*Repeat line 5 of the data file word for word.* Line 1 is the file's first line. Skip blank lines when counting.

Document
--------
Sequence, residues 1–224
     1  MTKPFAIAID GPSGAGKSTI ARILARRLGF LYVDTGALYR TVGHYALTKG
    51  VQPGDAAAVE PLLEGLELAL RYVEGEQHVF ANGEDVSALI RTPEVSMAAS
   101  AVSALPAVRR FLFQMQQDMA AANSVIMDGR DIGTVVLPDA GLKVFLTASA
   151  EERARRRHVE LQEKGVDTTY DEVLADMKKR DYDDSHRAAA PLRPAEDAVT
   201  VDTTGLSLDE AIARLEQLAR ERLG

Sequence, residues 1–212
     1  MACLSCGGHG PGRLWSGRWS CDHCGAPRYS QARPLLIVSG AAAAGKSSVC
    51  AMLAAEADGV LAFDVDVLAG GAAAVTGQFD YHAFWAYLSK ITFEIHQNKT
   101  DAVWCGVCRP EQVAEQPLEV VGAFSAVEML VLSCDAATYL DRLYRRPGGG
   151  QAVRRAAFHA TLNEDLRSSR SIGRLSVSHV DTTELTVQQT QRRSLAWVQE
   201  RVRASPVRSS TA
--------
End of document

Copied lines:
   151  EERARRRHVE LQEKGVDTTY DEVLADMKKR DYDDSHRAAA PLRPAEDAVT